Turtle Meetings and Matings and Gene Flow
In their research paper "How Do Male Box Turtles Find Mates?", William R. Belzer and Susan Seibert state:
"None of the findings ..(in their controlled laboratory environment)..... provide evidence that male eastern box turtles can use long-range cues to find potential mates."
"That circumstance suggests that high habitat residency is needed to enable multiple annual matings and multipaternity. Multipaternity may make important contributions (e.g., increased number of eggs, clutch fertility, hatching success, or neonate vitality) that sustain chelonian populations."
"If short-range visual stimuli are critical for bringing potential box turtle mates together, then as population density declines, mating opportunities and population recruitment also decline, or even vanish, long before the population has disappeared."
--So evidently, male eastern box turtles need to see a female before they will court and mate.--
....but that certainly doesn't sound good for a wild local population of this size and density. There must be more to it than that. Most of the new turtles I have radio-tagged in this study area, have been found while meeting or mating with turtles already being tracked.
These males and females do find each other in this mountainous terrain, even with long travel distances, short sight distance, and many large obstacles. With a maximum eye height of only 4 or 5 inches, a few ferns or a fallen tree would block any motion detection of a turtle even very close by. Meetings appear to be much more than just chance encounters.
Some of these turtles travel long distances outside their primary activity areas, and consequently intersect other turtles' activity areas. Most of these turtles seem (obviously) to be intimately familiar with their areas of travel, and are not randomly moving about. It seems possible, or maybe even likely, that turtles remember previous meetings and mating locations from the past.
There are also places that I call "meeting areas" where turtles of the opposite or same sex are often observed together. These are not necessarily within either turtle's primary activity area, or an overlap of the same, but to meet in one of these areas, both (or sometimes three) turtles necessarily have to be at the same place at the same time. Is this chance occurrance or planning?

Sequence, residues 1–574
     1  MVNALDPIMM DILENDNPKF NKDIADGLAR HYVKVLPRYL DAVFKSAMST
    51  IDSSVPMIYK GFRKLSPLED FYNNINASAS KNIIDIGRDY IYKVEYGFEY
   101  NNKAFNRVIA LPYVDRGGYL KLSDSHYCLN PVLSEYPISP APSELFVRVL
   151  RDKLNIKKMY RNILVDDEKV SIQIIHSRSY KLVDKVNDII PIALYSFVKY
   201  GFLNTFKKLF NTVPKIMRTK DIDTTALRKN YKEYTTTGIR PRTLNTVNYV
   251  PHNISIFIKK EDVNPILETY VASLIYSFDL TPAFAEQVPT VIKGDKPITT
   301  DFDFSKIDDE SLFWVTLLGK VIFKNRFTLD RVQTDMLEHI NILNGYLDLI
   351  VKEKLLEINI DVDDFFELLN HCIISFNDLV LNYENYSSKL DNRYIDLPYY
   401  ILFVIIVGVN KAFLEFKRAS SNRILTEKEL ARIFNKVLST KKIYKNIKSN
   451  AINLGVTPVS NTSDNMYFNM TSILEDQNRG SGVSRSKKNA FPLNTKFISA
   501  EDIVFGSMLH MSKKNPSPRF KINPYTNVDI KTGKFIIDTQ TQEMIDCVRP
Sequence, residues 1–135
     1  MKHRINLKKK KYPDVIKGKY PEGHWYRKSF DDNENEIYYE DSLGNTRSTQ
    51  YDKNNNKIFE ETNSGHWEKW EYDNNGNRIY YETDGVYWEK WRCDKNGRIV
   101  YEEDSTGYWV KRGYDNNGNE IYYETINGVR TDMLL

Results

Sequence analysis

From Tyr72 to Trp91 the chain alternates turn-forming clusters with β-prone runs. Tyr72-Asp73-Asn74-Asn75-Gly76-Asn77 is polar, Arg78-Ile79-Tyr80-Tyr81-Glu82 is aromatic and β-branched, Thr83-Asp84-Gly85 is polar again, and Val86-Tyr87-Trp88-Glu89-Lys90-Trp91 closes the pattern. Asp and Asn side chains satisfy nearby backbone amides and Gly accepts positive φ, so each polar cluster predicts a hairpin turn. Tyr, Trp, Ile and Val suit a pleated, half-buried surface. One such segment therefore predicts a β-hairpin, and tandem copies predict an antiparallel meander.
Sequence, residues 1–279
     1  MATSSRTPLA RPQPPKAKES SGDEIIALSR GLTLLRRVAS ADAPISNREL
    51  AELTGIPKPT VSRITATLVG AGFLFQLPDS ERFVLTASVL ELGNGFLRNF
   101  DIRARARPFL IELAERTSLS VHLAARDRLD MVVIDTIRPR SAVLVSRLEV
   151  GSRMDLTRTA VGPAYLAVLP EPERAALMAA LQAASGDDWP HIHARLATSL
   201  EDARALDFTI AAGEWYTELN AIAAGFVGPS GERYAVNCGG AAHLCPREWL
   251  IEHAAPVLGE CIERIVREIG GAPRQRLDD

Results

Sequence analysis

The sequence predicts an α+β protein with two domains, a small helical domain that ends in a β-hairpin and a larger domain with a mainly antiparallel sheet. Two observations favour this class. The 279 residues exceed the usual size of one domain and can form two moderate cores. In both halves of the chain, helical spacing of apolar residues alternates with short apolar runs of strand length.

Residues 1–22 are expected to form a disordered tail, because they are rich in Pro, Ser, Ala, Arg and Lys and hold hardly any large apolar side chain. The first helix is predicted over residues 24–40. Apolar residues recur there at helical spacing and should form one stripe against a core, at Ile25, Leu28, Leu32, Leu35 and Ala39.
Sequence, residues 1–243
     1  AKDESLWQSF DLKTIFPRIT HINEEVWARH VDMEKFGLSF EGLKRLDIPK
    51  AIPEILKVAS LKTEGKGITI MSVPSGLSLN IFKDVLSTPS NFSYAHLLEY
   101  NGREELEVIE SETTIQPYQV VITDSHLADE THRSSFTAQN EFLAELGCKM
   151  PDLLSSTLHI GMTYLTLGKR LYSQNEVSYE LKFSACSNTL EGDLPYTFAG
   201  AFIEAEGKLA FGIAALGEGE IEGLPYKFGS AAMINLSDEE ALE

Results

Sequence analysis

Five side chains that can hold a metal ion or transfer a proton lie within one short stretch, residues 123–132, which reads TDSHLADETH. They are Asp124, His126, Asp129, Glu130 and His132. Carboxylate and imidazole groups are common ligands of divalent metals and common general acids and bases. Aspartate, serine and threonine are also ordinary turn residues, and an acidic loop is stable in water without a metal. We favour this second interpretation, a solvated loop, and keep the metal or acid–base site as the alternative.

Box turtles meet for reasons other than mating. Males, in particular, are regularly found sitting together, usually on the ground, shell to shell, but occasionally one on top of the other. This is not mock mating nor is it aggression: there is little if any movement, but must be some sort of communication. Male/Male pairs participate in this activity, and possibly Female/Female also, although this has never yet been observed at this site.
Turtles travel long distances and straight line routes to meet. Many new turtles have been found by tracking tagged turtles who are meeting others.
This photo is of M13 on top of M8, both tagged males, that I have followed for many years. This is how they were found, and they remained in this position most of the day.
This is a graphical representation (sociogram) of the actual (observed) gene flow among turtles in this population. Each arrow represents one or more meetings or matings over 15 years tracked. Higher numbered turtles are more recent finds and most were found while mating or meeting with already tagged turtles.
The fear of the spread of evolving diseases through abandoned pet turtles is a serious issue.
A virus would likely travel along the same lines. In 2012 a possible abandoned pet box turtle, (M27) with it's carapace painted white, was found by a maintenance worker in a parking area within my study area, and was moved into the woods so he did not get run over. He was found 2 seasons later meeting with M51(m), and has been track since.
The left side of the chart shows male/male meetings, including those with transients that may move among many local populations. Females are almost never found meeting another female, even though several females are occasionally found in a same small area.
It has been suggested that this is territorial behavior, but I have never yet observed any aggressive behavior between any of these turtles.
"Turtles have a far greater sense of smell than even the famed bloodhound. Every sense of the turtle is beyond the capacity of any other animal on the planet. However, turtles cannot hear very well as they are missing an eardrum."
"Box turtles have a good sense of smell, which they use to help them find food, mates and territory."
"Do box turtles have a sense of smell?"
"Yes, itís one of their strongest senses. They use their sense of smell to find delicious food and locate water miles away."
"16. Can box turtles smell well?"
"Yes, box turtleís have a very strong sense of smell. Because they are slow moving they must use their sense of smell to sense food and predators before they encounter them and thus require a keen sense of smell."
Sense of Smell The following are exact (cut and paste) quotes from several web page search results from Googling "Box turtle sense of smell". I have yet to find any published research to confirm these statements, but I suspect that Box turtles do have a well developed sense of smell, as well as sight. I am not necessarily suggesting that smell is a primary way for turtles to find each other (or food resources, or nesting site soils, etc.) ............
Always Under Construction
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